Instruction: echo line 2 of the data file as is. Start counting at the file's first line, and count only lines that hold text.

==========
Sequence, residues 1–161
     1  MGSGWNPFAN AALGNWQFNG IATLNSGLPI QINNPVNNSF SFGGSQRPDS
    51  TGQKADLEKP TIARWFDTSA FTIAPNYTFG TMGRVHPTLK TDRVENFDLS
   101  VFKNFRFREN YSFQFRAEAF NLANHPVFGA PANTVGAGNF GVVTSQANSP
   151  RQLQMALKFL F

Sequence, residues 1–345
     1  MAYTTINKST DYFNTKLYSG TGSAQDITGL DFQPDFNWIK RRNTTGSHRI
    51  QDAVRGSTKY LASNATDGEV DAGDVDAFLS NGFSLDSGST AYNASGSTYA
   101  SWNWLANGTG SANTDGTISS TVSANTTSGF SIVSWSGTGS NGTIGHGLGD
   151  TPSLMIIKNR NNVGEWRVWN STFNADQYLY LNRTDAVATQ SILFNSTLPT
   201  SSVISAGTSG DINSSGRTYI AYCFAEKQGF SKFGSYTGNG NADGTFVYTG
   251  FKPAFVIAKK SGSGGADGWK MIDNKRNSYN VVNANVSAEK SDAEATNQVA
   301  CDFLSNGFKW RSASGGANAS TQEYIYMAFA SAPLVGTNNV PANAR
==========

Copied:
     1  MGSGWNPFAN AALGNWQFNG IATLNSGLPI QINNPVNNSF SFGGSQRPDS